Training ladder for: RUPTURE OF THE OUTER COLLATERAL LIGAMENT (RUPTURA COLLATERALE LIGAMENTUM MEDIALE/TIBIALE)
Unlimited: Cycling. Swimming. Light jogging.
Lie on your back. Draw the injured leg up towards your head so that the muscles in the back of the thigh become increasingly stretched. Perform the exercise with outstretched as well as bent knee. Hold the position for 20 seconds and relax for 20 seconds before repeating. The exercise can also be performed standing with the injured leg outstretched on a chair while the upper body is bent slightly forwards.
Stand with support from the back of a chair or the wall. Using your hand, bend the knee and draw the foot up and your knee slightly backwards so that the muscles in the front of the thigh become increasingly stretched. Hold the position for 20 seconds and relax for 20 seconds before repeating. The exercise can also be done lying down. If you lie on your stomach you can draw the foot up by using a towel.
Lie on your side on a table. Bend one leg up under your body and let the other hang over the edge of the table so that the muscles in the outer side of the thigh become increasingly stretched. Hold the position for 20 seconds and relax for 20 seconds before repeating. The exercise can also be done standing by placing the outstretched injured leg behind the good leg at the same time as bending over the injured leg.
Stand with one leg outstretched and the other slightly bent. Thrust your weight to the side over the bent leg so that the inner side of the opposite thigh becomes increasingly stretched. Hold the position for 20 seconds and relax for 20 seconds before repeating.
Seesaw. Balance on two legs, possibly using a hand as support against the wall, balancing subsequently on one leg without support. Look straight ahead and keep knees bent.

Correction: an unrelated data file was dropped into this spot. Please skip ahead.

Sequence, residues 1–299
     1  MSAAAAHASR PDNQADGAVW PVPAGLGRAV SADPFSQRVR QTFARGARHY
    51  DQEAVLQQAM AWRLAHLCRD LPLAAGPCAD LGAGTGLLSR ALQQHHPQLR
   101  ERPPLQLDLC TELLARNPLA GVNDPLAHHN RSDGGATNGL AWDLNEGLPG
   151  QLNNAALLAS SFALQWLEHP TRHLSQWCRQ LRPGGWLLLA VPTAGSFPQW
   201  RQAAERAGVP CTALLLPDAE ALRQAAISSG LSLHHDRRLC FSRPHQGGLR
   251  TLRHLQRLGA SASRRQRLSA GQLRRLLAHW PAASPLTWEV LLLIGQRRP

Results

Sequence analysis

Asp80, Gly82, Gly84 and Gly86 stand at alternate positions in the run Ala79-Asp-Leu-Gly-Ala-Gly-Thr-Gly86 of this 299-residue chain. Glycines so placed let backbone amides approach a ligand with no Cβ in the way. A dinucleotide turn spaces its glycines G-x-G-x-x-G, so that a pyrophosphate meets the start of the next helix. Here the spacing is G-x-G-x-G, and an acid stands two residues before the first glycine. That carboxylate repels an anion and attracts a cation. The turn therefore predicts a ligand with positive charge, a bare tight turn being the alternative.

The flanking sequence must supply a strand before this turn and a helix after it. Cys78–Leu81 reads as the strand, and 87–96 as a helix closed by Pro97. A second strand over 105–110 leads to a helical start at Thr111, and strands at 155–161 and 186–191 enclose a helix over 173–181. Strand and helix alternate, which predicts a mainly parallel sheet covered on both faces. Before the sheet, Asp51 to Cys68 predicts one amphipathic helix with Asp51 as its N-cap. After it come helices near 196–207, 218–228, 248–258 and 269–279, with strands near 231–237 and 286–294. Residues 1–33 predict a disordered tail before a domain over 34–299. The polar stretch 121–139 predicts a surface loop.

Sit on a chair with elastic around the ankle, facing the elastic. Lift the leg and slowly bend and stretch the knee.
Sit on a chair with elastic attached to the ankle. Raise the leg and slowly stretch and bend the knee.
Lie on your side on a mattress or bench. Flex the lower part of the leg and stretch the upper part. It is important to completely stretch the hip. Lift the upper leg upwards with the heel pointing towards the ceiling. Gradually increase the load by attaching a sandbag to the ankle.
Lie on your side on a mattress or bench. Stretch the lower leg whilst the upper leg is slightly bent. Lift the lower leg stretched upwards. Gradually increase the load by attaching a sandbag to the ankle.
Stand on the healthy leg with the elastic around the inside of the injured leg. Move the injured leg from side to side in a slow smooth movement. Moving the position of the elastic lower down the leg can increase the load.
Stand on the good leg with the elastic around the outer side of the injured leg above the knee. Move the injured leg from side to side in a slow movement.
Go forward on the injured leg until the knee is bent to max. 90 degrees. Stand up on the same leg and return to the starting position.
Stand on the injured leg up on a stool with the elastic around your waist. Stand facing the wall. Walk backwards up and down from the stool under resistance from the elastic, alternating between right and left leg first.
Lie on your back with a ball or firm round cushion under both feet. Roll the ball backwards and forwards in a steady pace while lifting your backside.
Stretching is carried out in the following way: stretch the muscle group for 3-5 seconds. Relax for 3-5 seconds. The muscle group should subsequently be stretched for 20 seconds. The muscle is allowed to be tender, but must not hurt. Relax for 20 seconds, after which the procedure can be repeated. The time consumed for stretching, coordination and strength training can be altered depending on the training opportunities available and individual requirements.